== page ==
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Is reducing your investment in workplace wellness, costing your more than it is saving you?

This article published in January by Deloitte clearly explained the potential negative impact of remote working on employee mental health. Just weeks later, we were all thrown into a situation where we were all doing this with the additional pressure of social isolation, uncertainty about the future and, for some, redundancy or furlough.  There has been enough press […]

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This article published in January by Deloitte clearly explained the potential negative impact of remote working on employee mental health. Just weeks later, we were all thrown into a situation where we were all doing this with the additional pressure of social isolation, uncertainty about the future and, for some, redundancy or furlough. 

There has been enough press over the months explaining the impact of Covid-19 on mental health, relatively little on what employers can do to support it. This is one reason that I wrote this article and have also been working with South Westminster Business Improvement Districts, charity MQ and Give a Grad a Go to offer free resources to employers and employees alike.

Reflecting back on Deloitte’s analysis now, it is important to note that for organisations that to invest on supporting their people’s mental health, the return on investment is between £5 and £9 for every £1 spent. This is a combination of increased productivity, performance and collaboration as well as reduced presenteeism, absenteeism and staff turnover.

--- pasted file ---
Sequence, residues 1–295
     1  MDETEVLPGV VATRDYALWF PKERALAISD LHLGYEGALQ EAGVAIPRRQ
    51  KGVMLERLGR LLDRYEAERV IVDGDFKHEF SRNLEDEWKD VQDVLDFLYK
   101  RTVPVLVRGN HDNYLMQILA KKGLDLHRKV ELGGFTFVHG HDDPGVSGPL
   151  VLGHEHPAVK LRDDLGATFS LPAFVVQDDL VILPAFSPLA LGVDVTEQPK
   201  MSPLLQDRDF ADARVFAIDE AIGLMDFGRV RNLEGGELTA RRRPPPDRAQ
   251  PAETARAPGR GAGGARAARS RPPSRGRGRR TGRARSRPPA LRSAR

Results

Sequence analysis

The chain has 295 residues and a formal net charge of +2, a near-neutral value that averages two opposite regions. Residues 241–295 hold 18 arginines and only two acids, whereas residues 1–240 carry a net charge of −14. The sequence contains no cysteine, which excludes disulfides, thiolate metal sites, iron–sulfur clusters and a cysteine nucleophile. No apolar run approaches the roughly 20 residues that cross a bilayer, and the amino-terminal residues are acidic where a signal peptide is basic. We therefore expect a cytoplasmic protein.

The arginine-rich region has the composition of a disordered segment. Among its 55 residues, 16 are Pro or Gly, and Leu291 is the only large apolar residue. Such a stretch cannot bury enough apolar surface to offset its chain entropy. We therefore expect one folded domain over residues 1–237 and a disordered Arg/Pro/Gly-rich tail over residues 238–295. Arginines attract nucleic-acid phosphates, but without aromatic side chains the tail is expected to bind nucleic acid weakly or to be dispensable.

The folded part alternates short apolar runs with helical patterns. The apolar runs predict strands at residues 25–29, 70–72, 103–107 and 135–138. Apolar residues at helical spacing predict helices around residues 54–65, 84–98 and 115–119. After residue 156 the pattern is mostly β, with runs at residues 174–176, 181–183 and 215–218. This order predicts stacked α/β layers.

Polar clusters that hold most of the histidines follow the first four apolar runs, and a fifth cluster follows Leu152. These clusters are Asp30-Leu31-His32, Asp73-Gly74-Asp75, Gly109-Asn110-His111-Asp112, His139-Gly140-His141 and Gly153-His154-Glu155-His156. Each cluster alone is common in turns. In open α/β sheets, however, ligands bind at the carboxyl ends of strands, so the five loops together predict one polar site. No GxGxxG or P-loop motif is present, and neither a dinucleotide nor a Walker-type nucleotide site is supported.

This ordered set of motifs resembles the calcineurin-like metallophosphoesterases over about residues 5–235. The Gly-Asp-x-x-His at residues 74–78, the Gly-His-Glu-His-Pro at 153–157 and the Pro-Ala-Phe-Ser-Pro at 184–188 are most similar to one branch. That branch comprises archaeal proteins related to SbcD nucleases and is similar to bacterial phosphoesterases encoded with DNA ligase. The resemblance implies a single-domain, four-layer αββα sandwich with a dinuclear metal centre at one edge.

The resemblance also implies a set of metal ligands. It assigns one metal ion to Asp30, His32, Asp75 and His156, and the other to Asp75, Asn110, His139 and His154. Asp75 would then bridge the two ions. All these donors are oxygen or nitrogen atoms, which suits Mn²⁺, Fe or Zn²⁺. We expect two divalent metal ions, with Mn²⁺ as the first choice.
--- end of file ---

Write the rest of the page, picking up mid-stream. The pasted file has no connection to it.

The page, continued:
Rebecca George OBE, Deloitte Vice Chair and UK Public Sector leader, and Deloitte director, Elizabeth Hampson, both highlight that early intervention is key, preventing more in-depth support that may otherwise be needed at a later stage. Paul Farmer, Chief Executive of Mind, reiterates this explaining that forward-thinking employers save money in the long run.

This all emphasises that companies who are reducing their investment in employee wellness and workplace mental health support, may be paying for it. Furthermore, this not be obvious as many companies have seen that absenteeism rates have reduced since lockdown. However, presenteeism costs three times more than sick leave, therefore if you have noticed this trend, it could be time to reflect a little deeper. Just one example of these findings is that presenteeism in those aged 18-29 costs employers the equivalent of 8.3% of these individuals. Again, early intervention through workplace wellness programmes, coaching, leadership training and other resources could prevent this.

I therefore ask you to reflect today. 

  • Have you seen changes in absenteeism since lockdown? 

If you have seen a decrease, why do you think this is

  • People are taking care of their physical health
  • It is the commute the often prevents people coming to work
  • Individuals are concerned about redundancy so don’t want to take time off
  • Employees don’t want to let down others when the pressure is on
  • Something else?
    Share your comments below. Please read our commenting guidelines before posting. If you have a concern about a comment, report it here.

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